SESYNC’s Slurm compute cluster allows users to run big memory- and processor-intensive jobs. Many users don’t know that you can access the memory and processing power of the cluster interactively, typing commands directly into the command line or into an R or Python session. This FAQ briefly describes how to start an interactive job on the Slurm cluster.

Where should I store temporary files created by Slurm cluster jobs?

Many jobs on the Slurm compute cluster generate lots of big files that require large amounts of memory to be stored but are only needed temporarily. There are two different ways to easily store large temporary files created by cluster jobs: temporary storage on a specific node (/tmp/) and scratch space accessible from all nodes (/nfs/scratch/).

How much data can I store in my research data directory?

TL;DR: Try to have a general idea of your data storage needs, and discuss it with the data science team if you are concerned, but do not be too worried unless you are going well over 1 terabyte.

What resources exist for collaborative writing?

There are several resources available for collaborative writing depending on which platform you prefer to work. These are the resources SESYNC groups have successfully used in the past.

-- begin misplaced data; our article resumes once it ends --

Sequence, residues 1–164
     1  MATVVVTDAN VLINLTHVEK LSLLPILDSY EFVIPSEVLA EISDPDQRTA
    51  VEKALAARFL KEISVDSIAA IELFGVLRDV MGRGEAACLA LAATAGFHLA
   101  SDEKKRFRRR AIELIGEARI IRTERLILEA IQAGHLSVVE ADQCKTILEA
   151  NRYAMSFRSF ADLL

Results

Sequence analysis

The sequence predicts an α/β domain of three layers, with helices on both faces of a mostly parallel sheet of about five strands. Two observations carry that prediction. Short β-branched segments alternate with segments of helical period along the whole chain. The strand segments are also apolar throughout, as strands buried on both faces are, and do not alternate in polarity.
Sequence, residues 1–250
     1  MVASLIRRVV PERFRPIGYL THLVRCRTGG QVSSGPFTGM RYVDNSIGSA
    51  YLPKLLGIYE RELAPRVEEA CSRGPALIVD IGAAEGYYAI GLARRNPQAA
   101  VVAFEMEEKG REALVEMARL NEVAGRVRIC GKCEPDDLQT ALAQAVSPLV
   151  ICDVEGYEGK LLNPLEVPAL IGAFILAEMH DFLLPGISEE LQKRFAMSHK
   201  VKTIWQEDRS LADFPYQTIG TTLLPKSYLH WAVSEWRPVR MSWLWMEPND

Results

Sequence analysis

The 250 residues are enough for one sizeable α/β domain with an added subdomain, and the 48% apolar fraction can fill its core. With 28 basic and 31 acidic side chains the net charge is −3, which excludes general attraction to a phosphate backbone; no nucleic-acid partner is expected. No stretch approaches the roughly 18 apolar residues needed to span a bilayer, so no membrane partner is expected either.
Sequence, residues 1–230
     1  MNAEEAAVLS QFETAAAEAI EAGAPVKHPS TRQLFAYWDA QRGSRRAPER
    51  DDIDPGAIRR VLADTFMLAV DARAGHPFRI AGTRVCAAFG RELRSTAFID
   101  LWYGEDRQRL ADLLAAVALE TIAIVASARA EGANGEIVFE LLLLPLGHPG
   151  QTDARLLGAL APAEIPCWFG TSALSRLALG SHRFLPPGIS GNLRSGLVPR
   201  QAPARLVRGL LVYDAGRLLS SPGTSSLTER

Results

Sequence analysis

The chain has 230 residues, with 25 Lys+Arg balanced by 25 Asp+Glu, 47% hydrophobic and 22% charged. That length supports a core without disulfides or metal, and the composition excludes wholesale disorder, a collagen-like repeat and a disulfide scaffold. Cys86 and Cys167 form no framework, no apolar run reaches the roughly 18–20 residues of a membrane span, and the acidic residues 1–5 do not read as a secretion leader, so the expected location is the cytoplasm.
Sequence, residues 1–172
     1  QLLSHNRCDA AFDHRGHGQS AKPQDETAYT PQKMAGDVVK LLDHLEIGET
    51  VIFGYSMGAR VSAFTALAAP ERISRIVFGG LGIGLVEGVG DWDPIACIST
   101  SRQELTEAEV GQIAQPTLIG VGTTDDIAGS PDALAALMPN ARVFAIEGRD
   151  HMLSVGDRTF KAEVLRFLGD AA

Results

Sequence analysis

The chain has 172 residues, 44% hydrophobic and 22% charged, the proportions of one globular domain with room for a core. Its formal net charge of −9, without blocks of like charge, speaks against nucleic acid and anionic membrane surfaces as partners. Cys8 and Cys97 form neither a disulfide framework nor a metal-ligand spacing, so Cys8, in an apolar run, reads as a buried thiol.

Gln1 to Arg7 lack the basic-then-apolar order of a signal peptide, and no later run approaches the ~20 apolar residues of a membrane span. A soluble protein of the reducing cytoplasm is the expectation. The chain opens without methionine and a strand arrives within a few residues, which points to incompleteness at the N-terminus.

How to create a symlink to a research directory in Jupyter lab?

To access and see your data directory from the side data console, you need to first set a symlink to your research directory. To do this, open a terminal notebook in Jupyter lab. The command to set the symlink is:

What are SESYNC's cyberinfrastructure policies?

Please see the cyberinfrastructre “Process & Policies” page on SESYNC’s main website.

How does SESYNC wind down computational support?

SESYNC’s data storage and computational resources are available to pursuit participants for approximately one year after the final meeting.

Why isn't my research data directory in '/nfs'?